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This is not legal advice, which can only be given by an attorney admitted to practice law in your jurisdiction after hearing all of the facts and circumstances in a particular case.

Sunday, December 3, 2006

Lansing, Michigan considers gender identity proposal

Nearly 200 people packed Lansing's City Council chambers on November 21 to voice their opinions about the city's human rights proposal, which would supplement the city's existing statute to prohibit harassment and discrimination based on gender identity and sexual orientation, as well as student and marital status.

According to the Lansing State Journal, people on both sides of the issue spoke "passionately" about the ramifications of the ordinance, with most speaking in favor of the ordinance. [9 spoke against, 21 people spoke in favor] The eight-member council is expected to pass it unanimously Dec. 11. Mayor Virg Bernero said at the meeting that he fully supports the proposal. The measure, however, is similar to one passed by the City Council in 1996 that later was voted down by residents.

As I've noted before, officials in cities with close connections to international business tend to favor expanding human rights laws because they are believed to bring job growth. Lansing is the capital of Michigan, with a population of 120,000 and a metro area population of 460,000 as of the 2000 census. It is an important center for manufacturing, educational, cultural, and governmental institutions, including three medical schools, two law schools, a Big Ten Conference university (Michigan State), and headquarters of four national insurance companies, including Fortune 500 insurer Auto-Owners Insurance.

I've discussed the tie-in with the "Florida theory" before. It's also called the 3T's formula, which stands for Technology, Talent and Tolerance (Florida 2003). The GLBT population is seen, in this connection, as a measure of the "creative class" within geographic areas and as part of an index to determine their attractiveness to high-tech businesses. The creator of this index, Dr. Richard Florida of Carnegie Mellon University, is a sought-after lecturer and consultant for cities seeking to revitalize, and his theory was named as number 2 on Harvard Business Review's list of breakthrough ideas for 2004. (Richard Florida Creativity Group2004)

Interestingly, Councilwoman Kathie Dunbar, a proponent of the measure, cited the Florida theory as an important reason for passage, though not by name. Dunbar alluded to this when she said that the new ordinance will help make Lansing an "epicenter for a diverse, culturally literate population that makes up what we would consider a cool city." "We want to move this city forward — we want to bring technology, innovation and creativity downtown," she said. "You can’t do that unless you have a diversity of viewpoints. You don’t get that unless you protect the diversity of your citizens." Mayor Virg Bernero echoed Dunbar’s sentiments.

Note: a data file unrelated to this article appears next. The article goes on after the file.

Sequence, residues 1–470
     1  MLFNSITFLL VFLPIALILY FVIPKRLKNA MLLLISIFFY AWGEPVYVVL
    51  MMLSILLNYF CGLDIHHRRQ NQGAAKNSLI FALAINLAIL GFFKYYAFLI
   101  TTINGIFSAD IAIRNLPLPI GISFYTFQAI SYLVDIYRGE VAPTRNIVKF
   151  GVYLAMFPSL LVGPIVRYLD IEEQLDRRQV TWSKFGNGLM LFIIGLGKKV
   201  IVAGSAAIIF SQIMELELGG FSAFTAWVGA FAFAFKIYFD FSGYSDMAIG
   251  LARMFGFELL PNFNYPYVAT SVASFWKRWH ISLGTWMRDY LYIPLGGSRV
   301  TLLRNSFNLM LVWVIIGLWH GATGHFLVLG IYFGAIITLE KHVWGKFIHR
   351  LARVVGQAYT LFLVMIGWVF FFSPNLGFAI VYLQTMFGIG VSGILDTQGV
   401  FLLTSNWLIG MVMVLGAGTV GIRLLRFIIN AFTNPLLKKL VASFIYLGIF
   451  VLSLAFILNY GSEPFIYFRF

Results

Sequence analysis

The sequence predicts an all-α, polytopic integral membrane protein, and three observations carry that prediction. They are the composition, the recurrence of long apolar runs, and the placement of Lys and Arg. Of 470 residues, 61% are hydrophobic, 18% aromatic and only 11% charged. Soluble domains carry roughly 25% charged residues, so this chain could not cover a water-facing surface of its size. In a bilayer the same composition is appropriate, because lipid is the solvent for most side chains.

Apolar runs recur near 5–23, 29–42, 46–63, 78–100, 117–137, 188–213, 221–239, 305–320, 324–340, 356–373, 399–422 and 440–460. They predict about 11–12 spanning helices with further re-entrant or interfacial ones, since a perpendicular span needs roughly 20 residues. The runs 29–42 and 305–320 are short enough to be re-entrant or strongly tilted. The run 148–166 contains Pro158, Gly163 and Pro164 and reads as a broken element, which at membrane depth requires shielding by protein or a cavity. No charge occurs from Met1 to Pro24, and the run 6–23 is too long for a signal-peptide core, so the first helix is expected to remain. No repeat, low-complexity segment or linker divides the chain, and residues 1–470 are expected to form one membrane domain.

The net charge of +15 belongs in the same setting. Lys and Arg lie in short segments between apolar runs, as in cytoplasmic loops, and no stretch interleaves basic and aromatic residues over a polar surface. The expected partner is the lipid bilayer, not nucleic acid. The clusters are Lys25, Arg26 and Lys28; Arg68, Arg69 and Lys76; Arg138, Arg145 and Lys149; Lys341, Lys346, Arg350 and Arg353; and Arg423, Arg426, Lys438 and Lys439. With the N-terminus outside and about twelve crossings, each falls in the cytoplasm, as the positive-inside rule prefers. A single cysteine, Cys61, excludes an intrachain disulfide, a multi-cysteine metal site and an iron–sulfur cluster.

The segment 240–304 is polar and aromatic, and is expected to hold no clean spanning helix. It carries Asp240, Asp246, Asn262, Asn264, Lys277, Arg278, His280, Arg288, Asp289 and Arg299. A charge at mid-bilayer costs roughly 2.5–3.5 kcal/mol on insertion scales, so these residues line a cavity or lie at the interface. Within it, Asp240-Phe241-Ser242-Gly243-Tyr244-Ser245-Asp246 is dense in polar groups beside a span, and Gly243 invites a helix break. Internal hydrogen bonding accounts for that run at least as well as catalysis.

There has been a lot of movement on gender identity issues in Michigan lately. The Sixth Circuit Court of Appeals, which has interpreted the Civil Rights Act of 1964's ban on sex discrimination to include dismissal because of transgender status, covers Michigan (as well as Kentucky, Ohio and Tennessee). Therefore, it is currently a violation of federal law to discriminate on the basis of gender identity in Michigan. Other Michigan cities with policies including gender identity include Ann Arbor, Dearborn Heights, East Lansing, Grand Rapids, Huntington Woods, Kalamazoo and Ypsilanti. (I note that Dearborn Heights isn't listed in the HRC database, but it does have such an ordinance. Fair warning for journalists: HRC's databases are useful, but not the last word because no one seems to be updating them.) Major employers based in Michigan that include protection of gender identity in their policies include Borders Group, DaimlerChrysler, Dow Chemical, Ford Motor, General Motors, Valassis Communications, Visteon, Volkwagen of America, and Whirlpool.

Not all is sunshine in Lansing, however. There is a controversy among proponents of the measure. The measure specifically states in its definition of gender identity that it is permissible to restrict the use of restrooms, locker rooms, dressing rooms and health clubs on the basis of sex. Since Michigan law (like the law of every other state in the US) is unclear about when, if ever, I can change my sex, even after surgery, and for what purposes, this could permit requiring all transgender persons to use the facilities of their birth sex.